The African Medicines Agency (AMA) is an initiative that will enable a continental harmonisation of regulations relating to the manufacturing of vaccines and other medical products. The Agency is a collective effort aimed at spurring local pharmaceutical production by establishing a supportive structure in which all member states can work together to respond to current and future emergency health crises such as Covid-19.
The continent experienced notable challenges regarding the timely and equitable procurement of vaccines as compared to high income countries (HICs). During the initial and on-peak stages of the pandemic it relied more on the Covid-19 Vaccine Global Access (COVAX) facility, but since 2020 it has since started getting vaccines through the African Vaccine Acquisition Trust (AVAT). As at 19 January 2022, only 10.09% of the continent’s eligible population had been fully vaccinated owing to the impact of delayed vaccine acquisition. The delays have led to the continent scrambling for available vaccines and importing 99% of its supply from HICs, which have offered them at escalated prices and during times when new infections have already reached their peak. Although the AU has procured an estimated 400-million vaccines through the AVAT for the next year, this supply needs to increase sevenfold if Africa is to ensure the full vaccination of at least 70% of its eligible population by September 2022. Africa should not have to depend on the rest of the world for a timeous and equitable supply of critical vaccines and therapeutics, and that is why collective action by all African states is critical for the establishment and operationalisation of the Africa Medicines Agency through the fast-tracked signing and ratification of the AMA treaty.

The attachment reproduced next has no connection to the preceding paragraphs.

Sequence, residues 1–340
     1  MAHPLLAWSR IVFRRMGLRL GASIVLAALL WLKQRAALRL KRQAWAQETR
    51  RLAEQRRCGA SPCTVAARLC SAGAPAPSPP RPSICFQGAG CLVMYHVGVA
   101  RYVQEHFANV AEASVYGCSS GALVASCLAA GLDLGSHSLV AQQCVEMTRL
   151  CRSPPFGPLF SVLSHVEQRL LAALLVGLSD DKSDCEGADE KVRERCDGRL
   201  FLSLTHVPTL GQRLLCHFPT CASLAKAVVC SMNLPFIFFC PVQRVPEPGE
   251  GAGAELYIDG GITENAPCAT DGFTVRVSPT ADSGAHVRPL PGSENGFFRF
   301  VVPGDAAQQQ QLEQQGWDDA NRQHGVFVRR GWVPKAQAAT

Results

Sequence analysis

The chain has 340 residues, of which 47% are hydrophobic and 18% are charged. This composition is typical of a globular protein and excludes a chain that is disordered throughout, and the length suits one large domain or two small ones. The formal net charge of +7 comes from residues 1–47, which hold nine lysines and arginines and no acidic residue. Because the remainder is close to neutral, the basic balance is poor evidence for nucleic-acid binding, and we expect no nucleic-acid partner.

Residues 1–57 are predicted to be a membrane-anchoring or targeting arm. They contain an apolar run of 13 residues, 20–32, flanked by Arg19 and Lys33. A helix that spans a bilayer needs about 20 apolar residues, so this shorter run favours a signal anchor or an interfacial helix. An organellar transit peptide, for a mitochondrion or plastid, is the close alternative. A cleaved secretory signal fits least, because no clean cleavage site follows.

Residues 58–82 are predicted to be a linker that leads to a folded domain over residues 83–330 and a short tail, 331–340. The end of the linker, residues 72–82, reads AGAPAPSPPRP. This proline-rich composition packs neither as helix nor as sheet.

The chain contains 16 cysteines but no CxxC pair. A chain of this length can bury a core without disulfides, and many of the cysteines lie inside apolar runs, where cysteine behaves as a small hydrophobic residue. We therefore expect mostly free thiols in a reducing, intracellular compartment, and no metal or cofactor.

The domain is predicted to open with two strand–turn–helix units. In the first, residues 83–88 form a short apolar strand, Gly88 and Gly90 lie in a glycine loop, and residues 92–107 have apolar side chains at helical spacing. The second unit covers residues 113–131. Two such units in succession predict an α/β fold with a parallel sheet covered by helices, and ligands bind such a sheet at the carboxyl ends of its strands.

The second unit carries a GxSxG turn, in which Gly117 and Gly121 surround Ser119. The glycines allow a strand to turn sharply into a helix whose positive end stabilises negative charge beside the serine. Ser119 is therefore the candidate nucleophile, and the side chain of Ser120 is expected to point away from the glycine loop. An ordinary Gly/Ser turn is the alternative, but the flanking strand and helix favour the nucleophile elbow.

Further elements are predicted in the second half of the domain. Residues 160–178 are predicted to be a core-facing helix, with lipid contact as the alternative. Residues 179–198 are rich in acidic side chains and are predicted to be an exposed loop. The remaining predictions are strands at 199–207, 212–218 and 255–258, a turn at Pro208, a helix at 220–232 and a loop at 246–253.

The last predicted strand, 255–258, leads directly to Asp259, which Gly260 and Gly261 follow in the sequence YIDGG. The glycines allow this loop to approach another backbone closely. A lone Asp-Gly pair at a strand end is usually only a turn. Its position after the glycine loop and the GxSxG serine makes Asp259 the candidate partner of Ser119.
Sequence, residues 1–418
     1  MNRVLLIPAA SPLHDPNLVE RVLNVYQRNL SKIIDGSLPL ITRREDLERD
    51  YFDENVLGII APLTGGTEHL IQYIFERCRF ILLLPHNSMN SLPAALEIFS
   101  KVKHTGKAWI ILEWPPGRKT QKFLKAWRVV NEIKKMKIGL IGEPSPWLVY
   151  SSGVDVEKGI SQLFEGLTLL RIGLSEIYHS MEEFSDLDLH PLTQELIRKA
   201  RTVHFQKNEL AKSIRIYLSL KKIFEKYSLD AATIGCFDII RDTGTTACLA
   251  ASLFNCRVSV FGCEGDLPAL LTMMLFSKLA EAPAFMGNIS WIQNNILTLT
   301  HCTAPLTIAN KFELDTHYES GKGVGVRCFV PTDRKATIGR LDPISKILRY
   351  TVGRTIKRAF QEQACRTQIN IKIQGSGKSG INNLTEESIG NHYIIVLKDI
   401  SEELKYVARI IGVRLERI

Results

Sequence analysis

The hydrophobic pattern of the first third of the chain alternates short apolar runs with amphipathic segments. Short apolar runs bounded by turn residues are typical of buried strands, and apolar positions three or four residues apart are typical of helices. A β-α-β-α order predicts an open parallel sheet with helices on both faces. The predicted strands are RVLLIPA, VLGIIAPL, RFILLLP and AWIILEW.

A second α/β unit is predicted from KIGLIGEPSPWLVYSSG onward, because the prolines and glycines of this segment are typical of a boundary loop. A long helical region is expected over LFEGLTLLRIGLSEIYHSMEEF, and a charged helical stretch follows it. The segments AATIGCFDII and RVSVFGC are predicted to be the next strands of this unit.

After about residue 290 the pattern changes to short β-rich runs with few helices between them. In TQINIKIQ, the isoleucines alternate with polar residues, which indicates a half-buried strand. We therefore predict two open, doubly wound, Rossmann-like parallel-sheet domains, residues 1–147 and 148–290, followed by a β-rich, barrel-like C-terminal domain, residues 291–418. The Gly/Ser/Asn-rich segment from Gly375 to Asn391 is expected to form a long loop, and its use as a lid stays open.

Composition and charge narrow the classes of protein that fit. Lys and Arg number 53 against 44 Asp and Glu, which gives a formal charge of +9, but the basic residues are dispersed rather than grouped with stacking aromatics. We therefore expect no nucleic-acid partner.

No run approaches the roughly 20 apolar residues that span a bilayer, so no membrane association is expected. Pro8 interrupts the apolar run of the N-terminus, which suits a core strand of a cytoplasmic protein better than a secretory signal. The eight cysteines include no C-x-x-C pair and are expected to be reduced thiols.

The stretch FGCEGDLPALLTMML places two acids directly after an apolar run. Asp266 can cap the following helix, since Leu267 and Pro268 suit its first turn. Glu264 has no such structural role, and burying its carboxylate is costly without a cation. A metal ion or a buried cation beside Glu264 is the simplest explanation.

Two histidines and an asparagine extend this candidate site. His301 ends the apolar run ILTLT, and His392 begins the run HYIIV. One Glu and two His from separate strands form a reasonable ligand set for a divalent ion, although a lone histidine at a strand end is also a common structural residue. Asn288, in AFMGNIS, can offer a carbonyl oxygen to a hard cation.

The African Development Bank Group has taken a crucial step to further address the infrastructure gap in African countries, with the approval of its first strategic framework for the development of public-private partnerships. This follows approval by the Board of Directors of the Bank Group on 19 January 2022. Africa’s infrastructure investment gap is estimated at more than $100 billion per year, affecting the living conditions of Africans and the continent’s global competitiveness. Bank experts say public-private partnerships offer an additional approach to increase private sector investments and higher levels of efficiency in the development and operation of infrastructure assets in Africa. Bank Group President Akinwumi A. Adesina said the new framework would form the bedrock of the Bank’s engagements in the infrastructure sector. “This eagerly awaited strategic framework will go a long way to enabling the Bank to provide much required assistance for the development and implementation of public-private partnerships in our regional member countries, and we look forward to its success.” Public-private partnerships are already a key feature of infrastructure projects being supported by the Bank, among them several transport and energy sector projects in all the regions of the continent.